In most cases, the leader climbs the route to the top without protection. Then either body belays or secures the rope to a nearby tree or rock.
 

WasatchWill

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Here's a great video highlighting the route from the Fold to Coyote via Halls Creek and Stephens Canyon.

 

LarryBoy

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Wow, my Internet goes out for three days and when I come back there's so much good stuff! Thanks guys!

@Nick, I have ordered all of those books, because, who doesn't need a bookshelf full of places you long to go to? Unfortunately they will take a while to come in up here. Meanwhile I have some followup questions if you guys have time:

@uintahiker, can you say more about East clear Creek? I couldn't immediately find out a lot online.

@BJett, @Nick, thanks especially for the Dark Canyon suggestion, which looks really great. I will read up about it and get back to the forum as soon as I learn a little more. Same for the Escalante canyons.

@Nick, I am also really intrigued by a point-to-point that goes through Capitol Reef, though I am not quite sure what the route you describe entails. I guess a little more familiarity with the territory is called for -- when I have real Internet again I will try to do some more definitive research. I appreciate all the help -- if you have more to say, please keep it coming, I am listening! Thanks,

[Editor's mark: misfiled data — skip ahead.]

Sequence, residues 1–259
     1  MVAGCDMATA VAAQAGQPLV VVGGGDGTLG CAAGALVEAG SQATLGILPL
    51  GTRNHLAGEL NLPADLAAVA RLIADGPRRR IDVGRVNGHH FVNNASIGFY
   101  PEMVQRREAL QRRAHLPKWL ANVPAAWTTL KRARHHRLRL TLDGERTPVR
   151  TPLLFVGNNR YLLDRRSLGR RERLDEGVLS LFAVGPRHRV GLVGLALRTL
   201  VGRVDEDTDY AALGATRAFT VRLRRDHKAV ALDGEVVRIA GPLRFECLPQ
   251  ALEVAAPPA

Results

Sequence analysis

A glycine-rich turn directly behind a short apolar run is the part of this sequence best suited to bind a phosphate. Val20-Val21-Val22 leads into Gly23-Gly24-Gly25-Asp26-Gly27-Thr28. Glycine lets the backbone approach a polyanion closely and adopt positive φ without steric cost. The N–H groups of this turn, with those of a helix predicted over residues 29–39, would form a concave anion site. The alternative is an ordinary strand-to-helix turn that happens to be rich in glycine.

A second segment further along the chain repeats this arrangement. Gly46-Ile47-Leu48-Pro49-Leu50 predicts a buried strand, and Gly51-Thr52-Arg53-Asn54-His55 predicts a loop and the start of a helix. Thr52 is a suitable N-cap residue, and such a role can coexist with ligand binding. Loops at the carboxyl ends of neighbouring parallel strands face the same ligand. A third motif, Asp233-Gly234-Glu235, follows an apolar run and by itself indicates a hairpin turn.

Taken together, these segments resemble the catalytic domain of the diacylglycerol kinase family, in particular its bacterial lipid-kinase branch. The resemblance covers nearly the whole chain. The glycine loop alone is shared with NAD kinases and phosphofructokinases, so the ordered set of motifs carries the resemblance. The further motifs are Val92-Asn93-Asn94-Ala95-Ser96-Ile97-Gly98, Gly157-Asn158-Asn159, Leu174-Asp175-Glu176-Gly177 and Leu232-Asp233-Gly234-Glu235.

Matt
Do some research on the Hayduke Trail. Really just go and buy the guidebook. I'm thinking Nick's suggestions of a route over the Waterpocket Fold would be pretty great. Start at the top of Lower Muley Twist canyon, head through Halls Creek, over the Waterpocket Fold, down the Escalante, and out Coyote Gulch.

Depending on how desolate you're looking for, Maybe Paria Canyon?
 

Matt Price

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Jan 15, 2015
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Hey folks,

I am back after a very long delay and a lot of starts and stops along the planning process. We now have dates! May 22-29. We are hoping to do the Dark Canyon route described in Canyoneering 2 -- it looks tough, but also doable, and it's great to have a guidebook to help us in an unfamiliar area (I would love to get to know the desert well enough to strike out on my own, but for this trip a little help will be nice).

I'm a little worried about water! What do you think, @Bob , @fiber , @Nick , everyone? The guidebook suggests Jan-April as dates, and I know there was very little snowpack this year. Will there be enough water for us to survive this hike? We can carry 2 days of water but probably not a lot more than that.

Thanks once again to everyone! I would never have found out about Dark Canyon without you guys
 

JoshuaDyal

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Mar 16, 2015
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186
Eh, nevermind. I'm responding to posts too early in the thread that as I keep reading it, are moot.